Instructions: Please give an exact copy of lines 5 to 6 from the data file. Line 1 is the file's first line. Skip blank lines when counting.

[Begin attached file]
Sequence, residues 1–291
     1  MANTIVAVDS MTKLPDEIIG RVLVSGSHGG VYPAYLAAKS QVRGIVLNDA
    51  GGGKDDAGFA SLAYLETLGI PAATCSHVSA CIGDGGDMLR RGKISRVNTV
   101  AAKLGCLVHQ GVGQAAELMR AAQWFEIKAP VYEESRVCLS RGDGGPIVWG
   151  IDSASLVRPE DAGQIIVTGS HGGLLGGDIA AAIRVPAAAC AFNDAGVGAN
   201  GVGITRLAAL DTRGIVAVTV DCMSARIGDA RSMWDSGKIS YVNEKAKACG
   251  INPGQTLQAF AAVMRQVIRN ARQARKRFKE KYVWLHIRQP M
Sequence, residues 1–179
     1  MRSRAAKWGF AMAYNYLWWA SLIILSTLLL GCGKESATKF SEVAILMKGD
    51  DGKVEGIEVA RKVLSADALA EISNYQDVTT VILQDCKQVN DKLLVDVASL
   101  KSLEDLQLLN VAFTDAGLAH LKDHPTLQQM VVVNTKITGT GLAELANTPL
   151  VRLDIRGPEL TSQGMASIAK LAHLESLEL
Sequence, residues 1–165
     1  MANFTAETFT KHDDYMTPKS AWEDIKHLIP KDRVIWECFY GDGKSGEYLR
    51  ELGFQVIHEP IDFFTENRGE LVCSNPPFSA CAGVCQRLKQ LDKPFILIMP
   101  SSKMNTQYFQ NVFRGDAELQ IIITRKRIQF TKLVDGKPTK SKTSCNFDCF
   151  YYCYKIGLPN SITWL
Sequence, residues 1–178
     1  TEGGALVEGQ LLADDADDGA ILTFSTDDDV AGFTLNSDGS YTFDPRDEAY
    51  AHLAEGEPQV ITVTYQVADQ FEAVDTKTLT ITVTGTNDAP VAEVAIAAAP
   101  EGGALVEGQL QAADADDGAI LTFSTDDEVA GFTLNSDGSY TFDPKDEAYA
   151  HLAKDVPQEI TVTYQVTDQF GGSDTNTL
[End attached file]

   151  IDSASLVRPE DAGQIIVTGS HGGLLGGDIA AAIRVPAAAC AFNDAGVGAN
   201  GVGITRLAAL DTRGIVAVTV DCMSARIGDA RSMWDSGKIS YVNEKAKACG